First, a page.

It was set to be a raucous night in Doncaster on April 24th; IBO & WBC super featherweight world champion, Terri Harper's homecoming in an all-British world title clash live on DAZN & Sky Sports. Instead, a planet gripped by a crippling virus has seen the entire sporting schedule completely and utterly obliterated. A date in June has tentatively been set for Olympian, Natasha Jonas to challenge Harper for her world titles.
On the evening that I spoke with Jonas, the fight was still scheduled to take place on April 24th, albeit with a cloud of uncertainty hanging over it. "We've got to just keep training like it is (on) until we hear otherwise," the thirty-five year-old explained pre-postponement.
Promoter, Eddie Hearn has been exploring the possibility of staging fights behind closed doors and it's something the amateur world & European championship medallist would somewhat welcome.
"I think at worst, it would be behind closed doors, which isn't great for me in a world title shot, but if it's between that and not having it at all - I'd choose that all day."
The undefeated Harper will go into the fight as the betting favourite, but fans would be foolish to write-off the amateur standout from Liverpool. Jonas was a pioneer for the sport of boxing competing in the first-ever Olympic boxing tournament for females at London 2012.
"It's mad because it was only when I retired from amateur boxing that I ever appreciated what I did there," she said. "As an amateur, I don't think you appreciate what you do in the moment. It's only afterwards when I was doing a lot of work in schools and doing a lot of motivational talks and people would say, 'You're the reason I do boxing'. That was mad because at the time I was so focused on my own journey that I didn't see the effect it was having on others."
It took one of the greatest, if not the greatest, female boxers of all-time to knock Jonas out of the 2012 Olympic tournament at the last-eight stage - two-time Olympic champion, Katie Taylor. Jonas, Nicola Adams and Savannah Marshall all of a sudden became household names during the summer of 2012.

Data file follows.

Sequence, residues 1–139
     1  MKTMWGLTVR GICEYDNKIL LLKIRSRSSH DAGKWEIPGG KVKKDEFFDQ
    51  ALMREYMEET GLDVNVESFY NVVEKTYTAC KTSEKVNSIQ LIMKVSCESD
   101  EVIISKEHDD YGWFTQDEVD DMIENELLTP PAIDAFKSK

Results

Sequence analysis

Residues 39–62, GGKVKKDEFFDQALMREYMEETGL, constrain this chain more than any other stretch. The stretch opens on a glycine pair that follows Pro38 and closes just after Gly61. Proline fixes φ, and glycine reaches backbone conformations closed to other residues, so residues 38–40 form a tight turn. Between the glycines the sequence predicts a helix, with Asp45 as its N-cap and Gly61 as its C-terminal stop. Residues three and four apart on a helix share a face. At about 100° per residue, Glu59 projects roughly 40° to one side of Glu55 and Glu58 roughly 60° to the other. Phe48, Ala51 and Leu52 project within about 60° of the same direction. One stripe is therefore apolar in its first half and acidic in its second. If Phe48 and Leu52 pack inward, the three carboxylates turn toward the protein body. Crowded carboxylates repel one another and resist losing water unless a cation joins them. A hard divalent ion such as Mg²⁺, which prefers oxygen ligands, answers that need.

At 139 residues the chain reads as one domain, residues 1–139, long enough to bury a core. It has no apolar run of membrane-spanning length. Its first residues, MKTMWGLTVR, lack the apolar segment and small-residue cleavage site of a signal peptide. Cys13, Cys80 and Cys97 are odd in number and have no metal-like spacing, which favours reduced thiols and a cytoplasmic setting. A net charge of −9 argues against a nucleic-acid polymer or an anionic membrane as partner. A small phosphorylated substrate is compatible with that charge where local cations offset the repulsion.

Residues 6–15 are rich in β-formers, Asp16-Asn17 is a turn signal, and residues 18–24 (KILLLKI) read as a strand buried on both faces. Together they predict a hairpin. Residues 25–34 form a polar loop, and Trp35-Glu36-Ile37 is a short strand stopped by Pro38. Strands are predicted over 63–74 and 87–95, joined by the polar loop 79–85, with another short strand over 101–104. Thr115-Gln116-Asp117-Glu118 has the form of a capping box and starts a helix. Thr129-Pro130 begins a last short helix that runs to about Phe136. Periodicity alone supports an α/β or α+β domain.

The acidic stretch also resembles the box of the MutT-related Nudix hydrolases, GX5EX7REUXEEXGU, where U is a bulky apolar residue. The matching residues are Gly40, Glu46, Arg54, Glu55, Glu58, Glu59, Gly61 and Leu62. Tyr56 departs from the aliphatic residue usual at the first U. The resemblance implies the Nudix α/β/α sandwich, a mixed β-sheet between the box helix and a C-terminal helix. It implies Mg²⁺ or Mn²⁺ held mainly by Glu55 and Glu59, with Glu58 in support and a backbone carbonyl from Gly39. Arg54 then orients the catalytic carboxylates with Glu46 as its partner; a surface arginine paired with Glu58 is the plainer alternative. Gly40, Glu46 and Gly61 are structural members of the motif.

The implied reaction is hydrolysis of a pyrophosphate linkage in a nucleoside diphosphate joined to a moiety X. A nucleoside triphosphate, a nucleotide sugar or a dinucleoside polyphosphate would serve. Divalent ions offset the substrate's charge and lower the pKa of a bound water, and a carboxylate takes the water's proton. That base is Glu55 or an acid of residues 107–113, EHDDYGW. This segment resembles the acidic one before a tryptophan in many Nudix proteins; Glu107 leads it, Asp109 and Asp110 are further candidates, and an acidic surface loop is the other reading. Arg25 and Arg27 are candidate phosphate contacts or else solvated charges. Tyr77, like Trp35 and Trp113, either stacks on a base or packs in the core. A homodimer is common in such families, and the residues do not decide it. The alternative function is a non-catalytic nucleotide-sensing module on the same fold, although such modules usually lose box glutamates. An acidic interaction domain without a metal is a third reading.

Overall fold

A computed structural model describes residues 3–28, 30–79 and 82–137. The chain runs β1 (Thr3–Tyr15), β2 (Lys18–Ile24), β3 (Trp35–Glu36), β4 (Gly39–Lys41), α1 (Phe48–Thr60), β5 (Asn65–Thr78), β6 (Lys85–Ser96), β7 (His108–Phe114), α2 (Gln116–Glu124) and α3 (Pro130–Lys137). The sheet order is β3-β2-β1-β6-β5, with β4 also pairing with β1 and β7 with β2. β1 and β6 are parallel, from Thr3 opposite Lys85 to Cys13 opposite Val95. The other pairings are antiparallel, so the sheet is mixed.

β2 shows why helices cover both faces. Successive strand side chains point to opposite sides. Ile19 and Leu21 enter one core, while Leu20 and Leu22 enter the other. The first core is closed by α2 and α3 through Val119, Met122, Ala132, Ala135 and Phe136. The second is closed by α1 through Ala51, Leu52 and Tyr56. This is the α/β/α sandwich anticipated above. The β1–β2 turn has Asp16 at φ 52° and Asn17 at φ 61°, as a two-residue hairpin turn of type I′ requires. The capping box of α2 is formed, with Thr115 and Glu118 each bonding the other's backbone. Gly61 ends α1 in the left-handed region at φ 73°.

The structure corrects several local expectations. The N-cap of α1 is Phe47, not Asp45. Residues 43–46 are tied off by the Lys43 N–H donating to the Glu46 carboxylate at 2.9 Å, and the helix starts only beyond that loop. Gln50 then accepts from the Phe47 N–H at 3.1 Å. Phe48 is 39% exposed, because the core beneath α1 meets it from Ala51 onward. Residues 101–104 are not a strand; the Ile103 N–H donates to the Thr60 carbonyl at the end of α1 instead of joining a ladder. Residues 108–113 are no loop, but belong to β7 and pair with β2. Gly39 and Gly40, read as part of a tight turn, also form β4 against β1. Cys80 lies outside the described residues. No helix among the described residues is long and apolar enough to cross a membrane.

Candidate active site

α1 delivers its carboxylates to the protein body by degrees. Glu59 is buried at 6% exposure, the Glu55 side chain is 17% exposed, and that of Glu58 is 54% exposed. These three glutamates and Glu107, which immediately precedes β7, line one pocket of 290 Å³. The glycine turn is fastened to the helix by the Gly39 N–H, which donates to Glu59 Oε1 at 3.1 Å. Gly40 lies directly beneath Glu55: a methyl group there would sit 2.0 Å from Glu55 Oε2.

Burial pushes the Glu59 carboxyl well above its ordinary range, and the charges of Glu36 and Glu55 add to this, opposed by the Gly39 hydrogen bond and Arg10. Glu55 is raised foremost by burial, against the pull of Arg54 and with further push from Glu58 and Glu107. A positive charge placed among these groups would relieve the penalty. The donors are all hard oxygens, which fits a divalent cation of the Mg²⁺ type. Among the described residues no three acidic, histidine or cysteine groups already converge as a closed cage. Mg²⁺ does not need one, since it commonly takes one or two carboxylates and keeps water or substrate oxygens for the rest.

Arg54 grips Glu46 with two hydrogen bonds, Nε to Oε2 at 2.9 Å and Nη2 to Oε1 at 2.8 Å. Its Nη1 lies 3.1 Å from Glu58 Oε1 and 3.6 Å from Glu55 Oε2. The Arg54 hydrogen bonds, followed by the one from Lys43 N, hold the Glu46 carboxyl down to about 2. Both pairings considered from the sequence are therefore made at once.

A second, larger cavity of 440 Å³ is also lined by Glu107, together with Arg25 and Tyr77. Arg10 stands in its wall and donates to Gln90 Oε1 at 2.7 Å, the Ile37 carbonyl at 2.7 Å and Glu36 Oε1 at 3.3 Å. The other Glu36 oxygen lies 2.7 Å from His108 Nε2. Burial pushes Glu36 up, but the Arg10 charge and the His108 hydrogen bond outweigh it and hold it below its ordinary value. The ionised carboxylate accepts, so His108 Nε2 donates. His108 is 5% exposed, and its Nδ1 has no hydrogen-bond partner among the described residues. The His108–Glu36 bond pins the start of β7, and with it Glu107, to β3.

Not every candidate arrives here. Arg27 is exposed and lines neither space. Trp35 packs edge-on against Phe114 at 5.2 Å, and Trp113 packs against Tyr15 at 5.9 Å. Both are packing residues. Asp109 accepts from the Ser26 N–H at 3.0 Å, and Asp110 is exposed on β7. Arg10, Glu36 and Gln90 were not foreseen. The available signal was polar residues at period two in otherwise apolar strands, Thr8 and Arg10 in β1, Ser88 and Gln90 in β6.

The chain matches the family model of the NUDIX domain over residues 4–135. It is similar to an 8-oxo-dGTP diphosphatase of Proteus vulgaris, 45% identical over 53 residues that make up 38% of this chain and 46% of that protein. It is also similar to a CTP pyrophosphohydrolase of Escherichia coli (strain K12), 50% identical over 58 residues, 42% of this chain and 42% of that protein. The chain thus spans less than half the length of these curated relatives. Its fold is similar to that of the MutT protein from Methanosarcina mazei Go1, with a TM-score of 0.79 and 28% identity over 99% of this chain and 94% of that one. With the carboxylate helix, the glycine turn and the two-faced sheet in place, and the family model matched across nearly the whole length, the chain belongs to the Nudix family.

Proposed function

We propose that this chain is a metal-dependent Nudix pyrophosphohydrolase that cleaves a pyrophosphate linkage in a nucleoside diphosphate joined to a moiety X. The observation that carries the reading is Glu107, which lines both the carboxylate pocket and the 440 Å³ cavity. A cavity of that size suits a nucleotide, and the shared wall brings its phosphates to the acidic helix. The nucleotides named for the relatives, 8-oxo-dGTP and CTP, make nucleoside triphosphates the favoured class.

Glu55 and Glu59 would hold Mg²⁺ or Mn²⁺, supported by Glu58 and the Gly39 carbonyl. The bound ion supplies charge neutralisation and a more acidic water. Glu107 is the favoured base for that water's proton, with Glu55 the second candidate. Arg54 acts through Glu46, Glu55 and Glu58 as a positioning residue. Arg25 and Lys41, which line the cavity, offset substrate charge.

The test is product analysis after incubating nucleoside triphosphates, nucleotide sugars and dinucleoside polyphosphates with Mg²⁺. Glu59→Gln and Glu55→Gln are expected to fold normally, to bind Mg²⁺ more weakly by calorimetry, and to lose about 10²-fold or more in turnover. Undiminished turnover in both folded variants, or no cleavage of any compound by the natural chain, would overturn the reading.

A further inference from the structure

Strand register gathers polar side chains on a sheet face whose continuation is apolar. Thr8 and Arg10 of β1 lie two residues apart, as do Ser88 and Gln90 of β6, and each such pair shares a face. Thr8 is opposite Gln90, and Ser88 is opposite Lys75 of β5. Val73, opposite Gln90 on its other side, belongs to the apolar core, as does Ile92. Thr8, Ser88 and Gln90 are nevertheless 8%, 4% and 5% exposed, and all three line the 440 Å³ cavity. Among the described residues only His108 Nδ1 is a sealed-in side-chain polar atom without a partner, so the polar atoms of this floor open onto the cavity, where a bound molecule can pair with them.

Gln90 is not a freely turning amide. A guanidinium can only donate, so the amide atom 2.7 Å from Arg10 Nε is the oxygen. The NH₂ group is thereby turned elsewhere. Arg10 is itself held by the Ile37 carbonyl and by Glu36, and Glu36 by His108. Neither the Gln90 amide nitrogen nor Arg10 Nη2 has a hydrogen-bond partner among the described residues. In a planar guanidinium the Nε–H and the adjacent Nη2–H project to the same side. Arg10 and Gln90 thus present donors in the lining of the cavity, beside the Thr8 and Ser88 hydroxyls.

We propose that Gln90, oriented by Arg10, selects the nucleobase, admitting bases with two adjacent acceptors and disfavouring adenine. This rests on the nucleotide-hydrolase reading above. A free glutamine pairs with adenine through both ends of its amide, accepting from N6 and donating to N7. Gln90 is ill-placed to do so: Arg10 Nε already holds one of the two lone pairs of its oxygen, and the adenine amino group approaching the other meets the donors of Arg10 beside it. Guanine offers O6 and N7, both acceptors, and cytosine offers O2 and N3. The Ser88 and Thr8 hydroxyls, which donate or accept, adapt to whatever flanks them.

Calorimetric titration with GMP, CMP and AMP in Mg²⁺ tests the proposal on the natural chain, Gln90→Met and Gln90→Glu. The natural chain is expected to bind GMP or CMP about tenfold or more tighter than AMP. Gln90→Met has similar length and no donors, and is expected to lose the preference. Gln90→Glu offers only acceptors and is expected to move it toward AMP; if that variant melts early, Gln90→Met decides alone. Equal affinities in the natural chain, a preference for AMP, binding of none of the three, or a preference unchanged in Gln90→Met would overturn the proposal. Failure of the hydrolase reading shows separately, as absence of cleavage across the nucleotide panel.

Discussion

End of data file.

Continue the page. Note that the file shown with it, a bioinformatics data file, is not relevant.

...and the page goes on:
"We'd never had a tournament at home, so everywhere we were going, we were going into the lion's den," the southpaw told me. "Politically the whole world hates England and GB. So, it came to the Olympics and we had 10,000 people and 99% of them are cheering for you - it was madness. But then also the media attention that we got because it was the first time women's boxing was included (in the Olympics) and also because we'd all qualified, no-one knew who we were and there was this rush to find out who these three women were."
With the Olympic games of 2012 a distant memory; Jonas now has the chance to reach the pinnacle of the pro game with a victory over Terri Harper. At just twenty-three, Harper has already achieved so much and there is respect between both boxers. Jonas was especially impressed with the way Harper unified the IBO & WBC world titles in February.
"It was a good fight. Obviously, Eva's been a world champion for a long time and she's very experienced. I'd seen her in a European championships and then she turned professional. She was a good amateur; she had a good pedigree. You can't knock Harper for beating her."
This all-British world title clash, that will hopefully happen in June, isn't about any pre-fight antics, trash talk or histrionics outside the ring - it's about two highly-rated prizefighters putting it all on the line for fans of boxing.
"I think they can expect two skilled boxers giving it their all and giving it everything," Jonas said. "May the best woman win, at the end of the day. I think I gave her one of her ABA trophies and it's madness that it's come full circle and we're boxing each other. I think she's very skilled. I think she's fit, she's fast, she's hungry but when it comes down to it - I just think I'm better."